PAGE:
Therefore, once the original vein ran dry, Bea’s world did experience a dramatic twist in its temporal dimension. Soap opera and telenovela are both a continuous serial because of the huge amount of episodes and their almost endless narrative development[15]. The closed continuous serial, with a distinct ending of the story, is a feature of the telenovela. By contrast, a soap opera displays an open continuous serial because no clear conclusion of the plot is available or foreseeable

In Yo soy Bea one can identify a distinct attempt to shift its narrative from telenovela to soap opera through a double transition: from closed to open. Just like a telenovela, Yo soy Bea offers a conclusion for its main plot: Bea’s transformation is complete and the woman can crown her dream of love. However, the screenwriters also decide not to bring their whole narrative world to an end: rather, they unravel it and create numberless new possibilities, just like Bea was a soap opera. A new heroine appears (namely Be), a girl who has to show everyone, and her mother above all, that she is able to survive without any external support. From the original world created by Yo Soy Bea, with its own distinguishable places and characters, the diegesis only survived: the narrative space was contiguous with the previous one, but new locations and characters were introduced.

It was of course a risky operation which reminds us of other attempts to extend Betty’s adventures through spin-offs[16].The Spanish route is however more complex, as it entails a change in the original format, in an attempt to further indefinitely the narrative world. However, the commercial results of the new format have been disappointing. Because of low ratings (average 17.2% of share)[17] Telecinco decided to cancel the show on August 16th, 2009, after 773 episodes. Perhaps the show suffered from the substitution of the main character, since Betty’s story was not replaced with an equally universal woman.

In Bea, localness is also produced by a mise-en-scene and by stylistic and narrative choices. Realism is a narrative solution common to European daily soap operas shaped according to Grundy style as also Sessa himself explains: “In our adaptation, we altered the overall tone, trading farce for realism. Also, the visual style is realistic.” Bea therefore is a comedy and not a farce, and the change implies a shift in linguistic register towards a “realistic”, more ordinary and less excessive model. This tone distinguishes the Spanish Bea from the Colombian and American Betties. The quest for realism and ordinary tone are the reading keys through which the plot captures its viewers. Such a device also influences the producers’ choice of the setting and the actress.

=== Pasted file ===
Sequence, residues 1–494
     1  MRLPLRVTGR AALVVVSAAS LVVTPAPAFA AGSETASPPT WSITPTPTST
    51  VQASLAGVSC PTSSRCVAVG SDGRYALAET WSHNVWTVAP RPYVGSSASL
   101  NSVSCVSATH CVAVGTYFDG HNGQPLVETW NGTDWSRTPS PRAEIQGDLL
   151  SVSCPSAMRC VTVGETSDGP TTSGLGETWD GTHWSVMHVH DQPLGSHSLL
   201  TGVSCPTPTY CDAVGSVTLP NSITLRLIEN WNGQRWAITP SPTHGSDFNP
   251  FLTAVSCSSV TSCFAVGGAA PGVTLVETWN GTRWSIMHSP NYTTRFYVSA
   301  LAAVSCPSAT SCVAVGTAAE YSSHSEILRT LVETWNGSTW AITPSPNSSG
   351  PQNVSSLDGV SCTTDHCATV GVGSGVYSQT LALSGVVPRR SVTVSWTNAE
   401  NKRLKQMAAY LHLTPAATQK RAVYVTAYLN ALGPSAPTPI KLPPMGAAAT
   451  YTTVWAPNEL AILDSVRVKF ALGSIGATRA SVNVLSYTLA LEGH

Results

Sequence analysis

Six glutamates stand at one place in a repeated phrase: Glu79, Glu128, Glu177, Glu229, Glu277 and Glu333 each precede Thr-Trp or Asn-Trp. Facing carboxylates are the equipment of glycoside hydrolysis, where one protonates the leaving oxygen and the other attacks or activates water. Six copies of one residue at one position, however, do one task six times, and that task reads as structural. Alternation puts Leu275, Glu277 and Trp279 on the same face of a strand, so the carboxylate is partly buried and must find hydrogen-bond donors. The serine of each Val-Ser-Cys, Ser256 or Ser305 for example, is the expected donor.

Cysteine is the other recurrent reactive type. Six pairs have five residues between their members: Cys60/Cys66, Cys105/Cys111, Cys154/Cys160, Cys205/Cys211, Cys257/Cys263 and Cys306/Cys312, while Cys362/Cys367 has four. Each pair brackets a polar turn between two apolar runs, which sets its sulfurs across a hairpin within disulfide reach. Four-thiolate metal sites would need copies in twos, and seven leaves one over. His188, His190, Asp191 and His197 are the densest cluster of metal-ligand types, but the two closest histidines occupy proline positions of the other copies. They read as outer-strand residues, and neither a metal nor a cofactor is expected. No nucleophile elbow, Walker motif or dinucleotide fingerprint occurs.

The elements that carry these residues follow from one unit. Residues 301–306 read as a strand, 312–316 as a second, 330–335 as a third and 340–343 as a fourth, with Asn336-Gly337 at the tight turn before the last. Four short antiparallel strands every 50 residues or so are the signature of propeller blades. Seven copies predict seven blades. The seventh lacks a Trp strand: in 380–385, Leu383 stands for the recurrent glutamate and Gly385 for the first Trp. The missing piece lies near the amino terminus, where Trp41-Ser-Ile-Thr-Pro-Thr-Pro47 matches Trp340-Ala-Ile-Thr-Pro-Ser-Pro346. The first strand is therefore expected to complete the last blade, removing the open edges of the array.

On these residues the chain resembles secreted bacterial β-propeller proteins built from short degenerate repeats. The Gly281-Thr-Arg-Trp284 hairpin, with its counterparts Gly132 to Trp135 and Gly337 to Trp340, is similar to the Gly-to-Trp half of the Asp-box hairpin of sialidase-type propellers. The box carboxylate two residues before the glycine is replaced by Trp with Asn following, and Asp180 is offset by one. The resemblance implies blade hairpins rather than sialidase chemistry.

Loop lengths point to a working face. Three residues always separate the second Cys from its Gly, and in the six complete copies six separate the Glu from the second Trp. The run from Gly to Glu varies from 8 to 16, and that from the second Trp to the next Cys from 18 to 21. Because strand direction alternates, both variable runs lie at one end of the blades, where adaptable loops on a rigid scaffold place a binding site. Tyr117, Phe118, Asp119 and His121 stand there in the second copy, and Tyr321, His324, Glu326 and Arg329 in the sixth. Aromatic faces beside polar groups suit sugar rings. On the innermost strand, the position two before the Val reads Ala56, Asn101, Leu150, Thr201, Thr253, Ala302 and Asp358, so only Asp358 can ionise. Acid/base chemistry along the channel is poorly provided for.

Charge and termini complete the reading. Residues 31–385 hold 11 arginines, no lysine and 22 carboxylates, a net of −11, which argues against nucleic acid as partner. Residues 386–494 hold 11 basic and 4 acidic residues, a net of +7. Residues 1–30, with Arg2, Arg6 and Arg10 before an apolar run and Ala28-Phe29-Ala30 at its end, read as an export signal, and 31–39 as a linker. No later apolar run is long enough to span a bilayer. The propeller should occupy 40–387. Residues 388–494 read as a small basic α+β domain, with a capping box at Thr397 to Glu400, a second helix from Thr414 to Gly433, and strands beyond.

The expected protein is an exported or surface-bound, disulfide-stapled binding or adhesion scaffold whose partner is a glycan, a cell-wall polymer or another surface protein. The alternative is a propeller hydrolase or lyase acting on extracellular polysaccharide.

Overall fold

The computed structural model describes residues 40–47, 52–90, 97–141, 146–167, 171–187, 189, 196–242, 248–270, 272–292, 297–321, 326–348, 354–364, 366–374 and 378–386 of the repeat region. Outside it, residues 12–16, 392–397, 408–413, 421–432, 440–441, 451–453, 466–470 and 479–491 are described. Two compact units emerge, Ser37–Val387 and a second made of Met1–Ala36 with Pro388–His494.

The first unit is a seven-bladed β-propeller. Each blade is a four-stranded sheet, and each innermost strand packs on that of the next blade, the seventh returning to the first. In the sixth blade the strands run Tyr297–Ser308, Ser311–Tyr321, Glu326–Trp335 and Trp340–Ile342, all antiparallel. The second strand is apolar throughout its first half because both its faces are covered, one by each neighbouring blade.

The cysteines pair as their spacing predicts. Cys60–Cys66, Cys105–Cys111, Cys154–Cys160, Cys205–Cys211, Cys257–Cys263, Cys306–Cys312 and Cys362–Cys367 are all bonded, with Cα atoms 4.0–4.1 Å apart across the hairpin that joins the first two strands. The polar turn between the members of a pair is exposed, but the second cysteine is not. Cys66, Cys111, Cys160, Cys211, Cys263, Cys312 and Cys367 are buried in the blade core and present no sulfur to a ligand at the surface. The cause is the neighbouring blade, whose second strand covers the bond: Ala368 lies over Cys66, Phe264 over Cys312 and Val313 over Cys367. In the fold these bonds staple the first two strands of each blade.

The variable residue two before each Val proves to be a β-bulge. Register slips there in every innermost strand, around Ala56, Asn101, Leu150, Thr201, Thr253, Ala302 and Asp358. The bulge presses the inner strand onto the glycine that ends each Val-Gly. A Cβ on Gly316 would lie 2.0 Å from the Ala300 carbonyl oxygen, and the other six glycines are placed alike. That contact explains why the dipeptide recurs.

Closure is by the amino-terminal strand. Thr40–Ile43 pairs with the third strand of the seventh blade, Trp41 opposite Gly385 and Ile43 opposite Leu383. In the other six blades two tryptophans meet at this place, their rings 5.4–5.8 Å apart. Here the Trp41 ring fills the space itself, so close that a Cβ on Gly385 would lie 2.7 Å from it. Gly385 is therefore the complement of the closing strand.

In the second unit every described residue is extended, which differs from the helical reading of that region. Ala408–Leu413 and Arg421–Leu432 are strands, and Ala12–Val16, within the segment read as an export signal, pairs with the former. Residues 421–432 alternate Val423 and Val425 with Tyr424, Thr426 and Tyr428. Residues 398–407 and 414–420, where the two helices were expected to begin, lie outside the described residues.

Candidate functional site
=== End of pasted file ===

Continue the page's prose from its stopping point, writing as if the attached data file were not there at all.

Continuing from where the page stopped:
“Localness” needs to be thought in terms of spatial sense: “We took the characters and plunged them into their reference world – the outskirts of Madrid. We brought the characters closer to the viewers’ daily world.” Localness means placing a universal story into a specific space. Archetypal characters are given a nearby stage – that is, known and familiar to viewers – and adopt a local flavour. Plot and characters cannot simply be transported from one place to another, since this will never be enough: a proper “sense of place” must be reconstructed at all costs. Localness therefore implies the creation of a likely context that calls for something more than a simple geographical setting.

In the end, localness acquires a real body. Sessa’s insistence on the choice of the leading actress is worth remarking: she had to be “believable” in her role: “Our characters are realistic. Our Betty is slim, almost skinny, and quite believable; in the German adaptation, for example, she was played by a gorgeous girl spoilt by makeup”. Actress Ruth Núñez plays Bea in the Spanish version: she does not flaunt a striking beauty, but rather a common Mediterranean countenance. She does not display the usual physical exuberance of Spanish women: her body is slim and lean. Núñez can reasonably incarnate the common Spanish girl, made uglier by the wrong make-up, or humiliating dress and accessories. The final transformation is not as awesome as her German counterpart, but far more realistic. In this respect, Núñez incarnates a dream of transformation that is more natural and ordinary, within her viewers’ reach and completely intriguing.

4. Betty (not) in Italy

Betty is a fairytale: it is a remake of the Ugly Duckling and of Cinderella. It is also an original fairytale about our era in that it roams the world as ancient fables did and gets embodied in each nation according to the complex set of economical, institutional, cultural and aesthetical factors peculiar to a country and its televisual tradition.

However, the globalization of television markets does not imply an a-problematic flow of texts among countries. Recounting the events leading to the Spanish version of Betty, Sessa stresses the importance of the “right time”, that is of a fortunate convergence of productive and market logics which should not be underestimated. The circulation of formats depends on local and international conjunctures, often intertwined in a hardly extricable manner.

This is exactly what happened in Italy, where no local version of Betty was ever produced although Grundy Italia had already tested the format with success. “Even if the Spanish adaptation had been a stratospheric success in Spain – a country similar to Italy – and was produced by a “cousin” network, nothing similar could be done [in Italy].”